Women Erased from History: World War II

In an adapted excerpt from her forthcoming book, The Light of Days: The Untold Story of Women Resistance Fighters in Hitler’s Ghettos, Judy Batalion writes about her discovery of the stories of dozens of women who fought in the Jewish resistance against the Nazis in Europe during World War II. Batalion shares that even as the granddaughter of Holocaust survivors who has a doctorate in women’s studies, she had never heard these stories or the names of these women fighters. While living in London in 2007 she visited the British Library to find out more about one Jewish woman she had read about as a child whose name and brave exploits she remembered. While hunting for material on this one woman, she stumbled upon a 180-page handwritten book entitled, Women in the Ghettos, written in Yiddish. This book detailed, many stories of “young Jewish women who defied the Nazis, many of whom had the chance to leave Nazi-occupied Poland but didn’t; some even voluntarily returned.” Batalion notes that some resistance narratives like these were published after the war but were sidelined or ignored and then forgotten. Batalion spent dozens of years in research archives and in living rooms across Poland, Israel, and North America reconstructing as many of the narratives as she could find of the Polish Jewish “ghetto girls” who

  • Paid off Gestapo guards
  • Hid revolvers in teddy bears
  • Flirted with Nazis and then killed them
  • Distributed underground bulletins and forged papers to ghetto inhabitants
  • Flung Molotov cocktails
  • Bombed train lines
  • Organized soup kitchens for starving ghetto inhabitants

What do we know about the Jewish resistance? Batalion writes that “more than 90 European ghettos had armed Jewish resistance units. Approximately 30,000 European Jews joined the partisans. Rescue networks supported about 12,000 Jews in hiding in Warsaw alone. . . . Women, aged 16 to 25, were at the helm of many of these efforts.” So-called courier girls connected the locked ghettos where Jews were imprisoned by slipping in and out of ghettos with information, hope, bulletins, false identification papers, and food. They smuggled pistols, bullets, and grenades in food packages and clothing. Because they were not circumcised like their brothers and were often educated in Polish public schools while their brothers attended Jewish schools and yeshivas, the young women were better positioned than their brothers to pass as Polish and work as spies.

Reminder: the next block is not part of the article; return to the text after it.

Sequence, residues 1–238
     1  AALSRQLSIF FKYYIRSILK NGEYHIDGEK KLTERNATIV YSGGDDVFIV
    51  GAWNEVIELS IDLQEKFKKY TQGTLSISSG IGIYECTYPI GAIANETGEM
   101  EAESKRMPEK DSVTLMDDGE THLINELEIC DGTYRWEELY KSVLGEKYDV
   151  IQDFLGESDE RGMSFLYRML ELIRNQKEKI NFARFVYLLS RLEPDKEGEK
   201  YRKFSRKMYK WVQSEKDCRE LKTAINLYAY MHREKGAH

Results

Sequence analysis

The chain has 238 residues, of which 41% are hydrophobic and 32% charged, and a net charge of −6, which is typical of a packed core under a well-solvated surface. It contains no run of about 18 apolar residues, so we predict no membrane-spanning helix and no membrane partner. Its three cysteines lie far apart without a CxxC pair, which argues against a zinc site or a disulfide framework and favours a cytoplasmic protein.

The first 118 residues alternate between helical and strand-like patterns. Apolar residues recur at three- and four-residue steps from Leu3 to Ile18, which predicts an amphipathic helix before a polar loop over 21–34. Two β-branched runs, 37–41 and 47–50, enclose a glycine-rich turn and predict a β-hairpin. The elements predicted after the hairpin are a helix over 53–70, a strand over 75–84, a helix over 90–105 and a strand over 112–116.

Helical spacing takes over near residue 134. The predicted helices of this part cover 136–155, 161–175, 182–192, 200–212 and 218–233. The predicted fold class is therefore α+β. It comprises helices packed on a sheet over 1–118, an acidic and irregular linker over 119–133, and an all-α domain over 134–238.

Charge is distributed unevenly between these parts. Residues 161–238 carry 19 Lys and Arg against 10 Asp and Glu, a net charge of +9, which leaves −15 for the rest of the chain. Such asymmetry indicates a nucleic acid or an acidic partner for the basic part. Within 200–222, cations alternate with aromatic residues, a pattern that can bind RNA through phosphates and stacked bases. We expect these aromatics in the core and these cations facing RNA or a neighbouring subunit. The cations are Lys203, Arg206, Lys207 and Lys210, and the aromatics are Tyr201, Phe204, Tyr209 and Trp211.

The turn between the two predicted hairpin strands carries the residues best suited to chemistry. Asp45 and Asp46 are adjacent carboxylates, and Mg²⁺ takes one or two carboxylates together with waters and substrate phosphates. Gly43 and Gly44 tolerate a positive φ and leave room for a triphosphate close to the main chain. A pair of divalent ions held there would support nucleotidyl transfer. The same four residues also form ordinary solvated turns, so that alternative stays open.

It is important to say the names of some of these women so they are not forgotten. Here are some of the names and snippets of the stories of women Batalion has recovered:

  • Renia Kukielka was chosen for undercover missions as a courier girl after she escaped the ghetto where her family was imprisoned. She moved grenades, false passports, and cash strapped to her body and transported Jews from ghettos to hiding spots.
  • Bela Hazan got a job working as a translator and receptionist for the Gestapo and stole documents to deliver to Jewish forgers.
  • Vladka Meed smuggled dynamite into the Warsaw ghetto by passing bits of gunpowder through a hole in the wall of a basement on the ghetto border.
  • Hela Schupper dressed up as an affluent Polish woman and brought five guns and clips of cartridges to a militia in Krakow.
  • Ruzka Korczak in Vilna found a Finnish pamphlet about how to make bombs that became the underground’s recipe book.
  • Vitka Kempner blew up a German supply train after slipping out of the Ghetto with explosives under her coat.
  • Zelda Treger completed seventeen trips transporting hundreds of Jews out of ghettos and slave labor camps.
  • Haviva Reik and Hannah Senesh joined the British Army as paratroopers, helping thousands of Slovak Jews and rescuing Allied servicemen.

The legacies of these strong women can inspire us—but only if we know their names and their stories.


Photo courtesy of Cedric Labrousse

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